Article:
A glimpse into the ‘new normal’ for the insolvency industry

Wednesday, 20th May 2020

Guest blog by Simon Gerrard, Head of Insolvency at Prosperity Law

“Coming down the mountain is often the most dangerous”. This was Boris Johnson’s message to the British people, as the country begins to edge its way out of an historic lockdown. Whilst intended to urge caution in the interest of public health, this adage aptly applies to the terrain that many British businesses need to navigate to recommence trading to avoid going bust.

Thus far, the insolvency market within the UK has been relatively stable. The much anticipated ‘tsunami’ of insolvencies has yet to materialise. Fear of the worst has been replaced with a sense of admiration for the bulldog spirit of businesses that have been able to stay afloat in choppy waters. Which begs the question: should the economy be bracing itself for an increase in insolvencies as we come out of lockdown?

Relief to businesses

In an effort to combat the economic pressures on businesses, the government has introduced unheard of measures to offer relief in the form of government backed loans, deferring tax payments, business rate holidays, grants to the self-employed and, most notably, the furlough scheme. Who would ever have thought that a conservative government would have stepped in to pay the wages of the public? These initiatives are, unquestionably, helping many businesses to stave-off insolvency.

Relief has also been introduced in the form of the temporary suspension of wrongful trading for businesses affected by COVID-19, thereby alleviating personal liability for directors by continuing to trade through this rocky patch, as well as the fast-tracking the extension of moratoriums for additional classes of businesses which need to undergo a financial rescue or restructuring process. These added protections provide a degree of immunity to businesses (at least, for the short-term). With the reputational damage of the previous financial crisis still fresh, lenders are also adopting a more flexible approach to breaches of covenants – often agreeing to variations or simply looking the other way.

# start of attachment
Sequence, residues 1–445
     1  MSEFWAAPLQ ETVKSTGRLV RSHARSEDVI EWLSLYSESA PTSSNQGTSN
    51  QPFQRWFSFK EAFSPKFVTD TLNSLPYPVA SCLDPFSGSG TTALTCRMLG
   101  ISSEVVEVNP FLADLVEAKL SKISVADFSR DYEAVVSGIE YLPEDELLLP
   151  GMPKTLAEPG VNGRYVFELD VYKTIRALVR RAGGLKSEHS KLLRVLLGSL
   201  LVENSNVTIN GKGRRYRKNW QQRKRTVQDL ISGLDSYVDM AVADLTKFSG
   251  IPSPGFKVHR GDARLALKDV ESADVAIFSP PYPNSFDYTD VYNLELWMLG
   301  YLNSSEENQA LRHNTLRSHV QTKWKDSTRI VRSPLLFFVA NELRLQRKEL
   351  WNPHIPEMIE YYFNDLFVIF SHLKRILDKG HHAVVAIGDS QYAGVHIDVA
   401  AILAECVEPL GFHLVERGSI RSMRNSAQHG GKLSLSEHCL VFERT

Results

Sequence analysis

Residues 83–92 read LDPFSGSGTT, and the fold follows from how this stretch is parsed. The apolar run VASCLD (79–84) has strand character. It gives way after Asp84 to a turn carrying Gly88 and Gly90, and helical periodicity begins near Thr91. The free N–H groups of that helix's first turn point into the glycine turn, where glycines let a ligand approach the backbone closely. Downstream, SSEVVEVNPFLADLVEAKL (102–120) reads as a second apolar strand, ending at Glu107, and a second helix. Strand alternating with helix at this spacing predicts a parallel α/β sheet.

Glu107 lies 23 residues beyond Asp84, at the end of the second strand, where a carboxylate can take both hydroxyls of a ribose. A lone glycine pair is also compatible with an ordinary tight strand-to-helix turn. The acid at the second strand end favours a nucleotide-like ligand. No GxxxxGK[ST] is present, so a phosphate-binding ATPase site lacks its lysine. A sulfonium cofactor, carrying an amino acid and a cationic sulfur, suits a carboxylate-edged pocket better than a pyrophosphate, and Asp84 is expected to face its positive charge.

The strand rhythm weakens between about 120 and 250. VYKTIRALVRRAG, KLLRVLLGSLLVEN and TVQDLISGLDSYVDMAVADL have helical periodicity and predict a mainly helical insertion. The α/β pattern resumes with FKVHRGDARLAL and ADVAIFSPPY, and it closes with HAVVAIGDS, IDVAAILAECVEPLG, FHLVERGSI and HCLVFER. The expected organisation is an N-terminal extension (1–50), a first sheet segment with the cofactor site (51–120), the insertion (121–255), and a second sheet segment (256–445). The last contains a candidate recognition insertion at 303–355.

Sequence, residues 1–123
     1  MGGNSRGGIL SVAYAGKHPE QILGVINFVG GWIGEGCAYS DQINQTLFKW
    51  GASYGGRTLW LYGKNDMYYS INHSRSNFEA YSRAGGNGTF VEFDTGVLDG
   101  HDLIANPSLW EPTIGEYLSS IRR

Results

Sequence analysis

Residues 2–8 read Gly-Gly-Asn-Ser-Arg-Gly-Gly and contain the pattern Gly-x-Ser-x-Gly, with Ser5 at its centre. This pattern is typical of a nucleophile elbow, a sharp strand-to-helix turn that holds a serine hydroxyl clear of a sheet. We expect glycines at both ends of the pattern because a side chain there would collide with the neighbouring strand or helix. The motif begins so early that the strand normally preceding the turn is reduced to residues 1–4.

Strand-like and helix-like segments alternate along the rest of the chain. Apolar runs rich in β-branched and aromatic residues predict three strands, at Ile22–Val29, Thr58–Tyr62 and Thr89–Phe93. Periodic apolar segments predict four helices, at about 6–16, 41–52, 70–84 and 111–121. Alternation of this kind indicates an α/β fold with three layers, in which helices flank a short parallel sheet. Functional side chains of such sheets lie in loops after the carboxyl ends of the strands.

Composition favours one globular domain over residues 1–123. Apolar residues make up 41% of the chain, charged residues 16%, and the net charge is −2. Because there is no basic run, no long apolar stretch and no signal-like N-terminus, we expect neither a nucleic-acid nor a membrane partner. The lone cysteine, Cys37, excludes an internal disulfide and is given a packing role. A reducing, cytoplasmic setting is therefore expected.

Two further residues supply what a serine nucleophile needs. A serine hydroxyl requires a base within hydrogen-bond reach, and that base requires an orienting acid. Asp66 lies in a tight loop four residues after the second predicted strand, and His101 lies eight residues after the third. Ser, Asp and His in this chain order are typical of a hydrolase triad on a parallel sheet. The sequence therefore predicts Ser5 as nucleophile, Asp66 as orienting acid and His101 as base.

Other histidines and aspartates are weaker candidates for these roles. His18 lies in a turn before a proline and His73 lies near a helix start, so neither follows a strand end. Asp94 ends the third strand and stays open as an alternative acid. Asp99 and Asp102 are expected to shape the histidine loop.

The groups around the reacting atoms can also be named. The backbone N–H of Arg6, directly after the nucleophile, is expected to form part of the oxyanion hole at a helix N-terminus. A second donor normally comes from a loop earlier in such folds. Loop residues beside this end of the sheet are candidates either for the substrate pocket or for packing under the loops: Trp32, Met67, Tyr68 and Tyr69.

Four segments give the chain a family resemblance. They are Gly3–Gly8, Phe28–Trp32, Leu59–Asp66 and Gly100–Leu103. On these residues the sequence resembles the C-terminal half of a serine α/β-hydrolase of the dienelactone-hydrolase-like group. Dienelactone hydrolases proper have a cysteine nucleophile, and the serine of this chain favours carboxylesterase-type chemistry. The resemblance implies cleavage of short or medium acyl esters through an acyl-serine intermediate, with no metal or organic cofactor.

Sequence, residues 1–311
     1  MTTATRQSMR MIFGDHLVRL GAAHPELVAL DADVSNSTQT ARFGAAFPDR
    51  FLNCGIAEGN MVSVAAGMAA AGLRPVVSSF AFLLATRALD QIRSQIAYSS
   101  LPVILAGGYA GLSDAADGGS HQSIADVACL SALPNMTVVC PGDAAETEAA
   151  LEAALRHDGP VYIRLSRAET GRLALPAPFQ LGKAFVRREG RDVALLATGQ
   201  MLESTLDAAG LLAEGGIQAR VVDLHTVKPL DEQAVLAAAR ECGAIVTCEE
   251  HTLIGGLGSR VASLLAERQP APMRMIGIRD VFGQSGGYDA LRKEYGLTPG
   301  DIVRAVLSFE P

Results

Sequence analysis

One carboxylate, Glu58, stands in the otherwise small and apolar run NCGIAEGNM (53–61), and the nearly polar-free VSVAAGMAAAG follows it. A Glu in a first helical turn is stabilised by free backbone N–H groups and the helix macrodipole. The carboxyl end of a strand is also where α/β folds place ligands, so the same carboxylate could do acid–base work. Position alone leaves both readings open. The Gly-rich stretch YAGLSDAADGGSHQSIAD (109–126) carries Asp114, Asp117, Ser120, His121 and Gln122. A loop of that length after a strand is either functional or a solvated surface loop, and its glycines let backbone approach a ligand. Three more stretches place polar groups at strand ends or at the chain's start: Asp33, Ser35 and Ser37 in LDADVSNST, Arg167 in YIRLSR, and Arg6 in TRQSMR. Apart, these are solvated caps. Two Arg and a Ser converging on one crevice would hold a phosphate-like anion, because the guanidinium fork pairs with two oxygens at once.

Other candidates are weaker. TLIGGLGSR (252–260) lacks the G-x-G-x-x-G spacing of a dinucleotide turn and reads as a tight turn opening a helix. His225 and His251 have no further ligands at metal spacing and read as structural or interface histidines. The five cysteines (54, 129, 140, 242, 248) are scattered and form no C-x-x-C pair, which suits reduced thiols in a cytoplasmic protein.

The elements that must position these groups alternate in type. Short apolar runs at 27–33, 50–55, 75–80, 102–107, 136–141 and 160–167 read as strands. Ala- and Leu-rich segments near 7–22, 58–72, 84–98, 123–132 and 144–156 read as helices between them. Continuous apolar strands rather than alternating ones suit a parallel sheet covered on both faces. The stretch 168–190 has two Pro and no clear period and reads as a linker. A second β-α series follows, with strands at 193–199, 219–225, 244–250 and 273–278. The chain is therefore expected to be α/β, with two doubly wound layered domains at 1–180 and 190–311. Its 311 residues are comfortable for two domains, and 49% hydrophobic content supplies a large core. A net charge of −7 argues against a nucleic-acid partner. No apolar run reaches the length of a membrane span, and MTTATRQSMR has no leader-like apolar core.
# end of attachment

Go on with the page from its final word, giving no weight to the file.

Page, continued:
These measures and approaches are giving businesses a fighting chance, but is it merely a case of papering over the cracks?

How effective are these measures and what awaits us in the ‘new normal

The harsh reality is that it is difficult to envisage a scenario where there is not going to be an increase in insolvencies and restructuring.

Many businesses may well look to the way workforce’s have adopted to working remotely and determine conditions are ripe to take advantage of efficiencies by adopting more permanent flexible working policies. Some retail businesses may not be prepared to fund their high-street shop fronts and move to an exclusive online trading platform. The airline industry may no longer be able to offer the outrageously cheap flights to Budapest and decide to scale back its less profitable routes.

These are but some of the questions that the industry will be facing as we enter the ‘new normal’.

The relief highlighted above is largely comprised of measures which either defer payment or involve additional borrowing. Therefore, businesses will need to hit the ground running in order to generate enough revenue to keep paying their general overheads and to repay money borrowed and/or payments deferred over the past 3 months. Equally, the furlough scheme, whilst innovative and welcomed by many, offers relief to only one overhead of businesses – typically representing close to 30% of expenses.

A fast start may, however, not be possible for many (in particular, the retail, private dental, leisure and tourism industries), and what shape the ‘new normal’ takes and changes in consumer trends remain unknown.

In the same way that the last financial crisis set the tone for the industry for the next decade, this latest crisis will throw up new issues for lawyers and insolvency practitioners to tackle. We envisage that there will be litigation to determine the proper application of the suspension of wrongful trading – does it apply to those businesses that were already failing before the virus struck? Is there a longstop date for when directors can no-longer rely on this exclusion? There will also be challenges in subjectively assessing the reasonableness or otherwise of directors in an unprecedented set of circumstances.

Wrongful trading claims are, however, a relatively uncommon type of litigation due to the high evidentiary bar – more likely, we will see COVID-19 flavoured issues involving more traditional, clearer to establish claims, such as preference payments, transactions at an undervalue, repayment of dividends and the recovery of directors’ loan accounts. There will also undoubtedly be scrutiny on the ways in which businesses distributed their finances, particularly monies introduced through the government’s business loan scheme.

Conclusion

Coming down the mountain will be a treacherous time for UK businesses. A slow start to the easing of lockdown and changes in societal and consumer trends in the ‘new normal’ could prove fatal to many businesses.

It remains to be seen as to whether the relief granted will be enough to see many businesses safely into the ‘new normal’, or whether it has been a case of papering over the cracks. It is, however, difficult to see anything other than increased activity in the insolvency market – but perhaps not quite as sharp or as soon as many predicted.

For legal advice on any insolvency related issue, please contact Simon Gerrard at simon@prosperitylaw.com